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Long story short: Absolutely. Short story long: While your intuition that growing a lot of cells can increase the risk of damage that might cause cancer is spot on, your specifics are a little off. It's not the telomeres themselves that are the problem, but broad spectrum DNA damage and transcriptional changes. The condition of the telomeres doesn't ...


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In a normal cell, during each replication the telomere is shortened slightly due to the end replication problem, as you probably know. As mutations occur and a normal cell begins to exhibit cancerous characteristics, it needs a way to stop the self-destruction which happens when the telomeres become too short. In fact it is the cancer cells themselves which ...


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Different cancers divide at different rates. One way to qualitatively visualize this is observe hair loss in patients who are undergoing chemotherapy. Commonly, a drug like cisplatin will be administered which will cross-link DNA, inhibiting cell division by activating apoptosis. Tissues which are killed most readily by cisplatin are those which are dividing ...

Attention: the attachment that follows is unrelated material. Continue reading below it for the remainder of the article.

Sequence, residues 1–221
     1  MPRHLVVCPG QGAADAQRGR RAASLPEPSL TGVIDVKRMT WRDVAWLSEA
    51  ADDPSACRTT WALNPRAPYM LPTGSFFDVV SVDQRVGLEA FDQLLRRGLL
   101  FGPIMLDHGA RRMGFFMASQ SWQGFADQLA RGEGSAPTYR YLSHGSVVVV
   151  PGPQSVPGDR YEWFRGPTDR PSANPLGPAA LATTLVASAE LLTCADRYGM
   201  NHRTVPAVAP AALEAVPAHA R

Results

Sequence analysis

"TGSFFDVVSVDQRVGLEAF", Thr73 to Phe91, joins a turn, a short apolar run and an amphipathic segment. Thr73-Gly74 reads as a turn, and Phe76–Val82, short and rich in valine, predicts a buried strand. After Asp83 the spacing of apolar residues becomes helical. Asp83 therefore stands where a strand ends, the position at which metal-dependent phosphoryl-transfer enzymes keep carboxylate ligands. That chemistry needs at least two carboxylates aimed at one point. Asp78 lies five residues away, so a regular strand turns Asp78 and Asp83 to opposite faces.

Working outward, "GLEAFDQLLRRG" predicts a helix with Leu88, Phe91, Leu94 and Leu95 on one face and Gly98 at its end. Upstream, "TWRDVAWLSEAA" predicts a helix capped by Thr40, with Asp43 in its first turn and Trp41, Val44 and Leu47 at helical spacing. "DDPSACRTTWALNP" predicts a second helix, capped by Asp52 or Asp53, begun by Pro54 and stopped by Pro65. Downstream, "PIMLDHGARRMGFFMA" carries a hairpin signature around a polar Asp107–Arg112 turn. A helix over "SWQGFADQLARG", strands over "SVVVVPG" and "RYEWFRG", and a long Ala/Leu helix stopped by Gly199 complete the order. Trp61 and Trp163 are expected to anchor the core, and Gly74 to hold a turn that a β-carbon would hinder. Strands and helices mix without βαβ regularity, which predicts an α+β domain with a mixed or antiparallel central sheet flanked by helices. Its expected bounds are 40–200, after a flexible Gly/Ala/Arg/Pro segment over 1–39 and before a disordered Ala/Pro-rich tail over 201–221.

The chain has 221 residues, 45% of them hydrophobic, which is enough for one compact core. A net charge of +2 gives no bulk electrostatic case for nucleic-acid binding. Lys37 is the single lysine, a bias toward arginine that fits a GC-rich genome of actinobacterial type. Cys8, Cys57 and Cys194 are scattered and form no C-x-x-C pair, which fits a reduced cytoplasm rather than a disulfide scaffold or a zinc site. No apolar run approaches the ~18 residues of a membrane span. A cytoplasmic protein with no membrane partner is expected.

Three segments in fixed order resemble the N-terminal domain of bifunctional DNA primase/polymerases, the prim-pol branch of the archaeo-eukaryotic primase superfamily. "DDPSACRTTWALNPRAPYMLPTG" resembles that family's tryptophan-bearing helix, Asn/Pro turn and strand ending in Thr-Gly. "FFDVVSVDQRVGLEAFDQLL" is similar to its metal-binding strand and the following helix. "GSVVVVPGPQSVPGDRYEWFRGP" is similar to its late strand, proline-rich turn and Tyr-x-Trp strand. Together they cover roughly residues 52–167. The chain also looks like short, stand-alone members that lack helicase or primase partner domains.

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Short-wave UV light (UVB and UVC) causes transition mutations at dipyrmidine sequences (ref.). In the work presented on KNSTRN quoted by the OP the authors report that 19 from a panel of 100 squamous cell carcinomas (SCC) contained a mutation in KNSTRN (and furthermore three of these contained no other mutation across the six genes that were analysed (Fig. ...


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This is actually a bad idea for severeal reasons: First it is not a good idea to tamper with genes, especially not with ones which are involved in the regulation of mitosis and the correct segregation of sister chromatids. Remember that a one amino acid exchange because of a C to T transition causes the problems with SCC? Into what do you want to change the ...



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